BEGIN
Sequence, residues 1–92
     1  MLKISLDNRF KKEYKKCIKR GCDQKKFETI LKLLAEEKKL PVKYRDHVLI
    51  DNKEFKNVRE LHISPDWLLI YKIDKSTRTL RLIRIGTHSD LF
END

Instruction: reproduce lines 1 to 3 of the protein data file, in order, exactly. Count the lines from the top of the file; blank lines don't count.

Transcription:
Sequence, residues 1–92
     1  MLKISLDNRF KKEYKKCIKR GCDQKKFETI LKLLAEEKKL PVKYRDHVLI
    51  DNKEFKNVRE LHISPDWLLI YKIDKSTRTL RLIRIGTHSD LF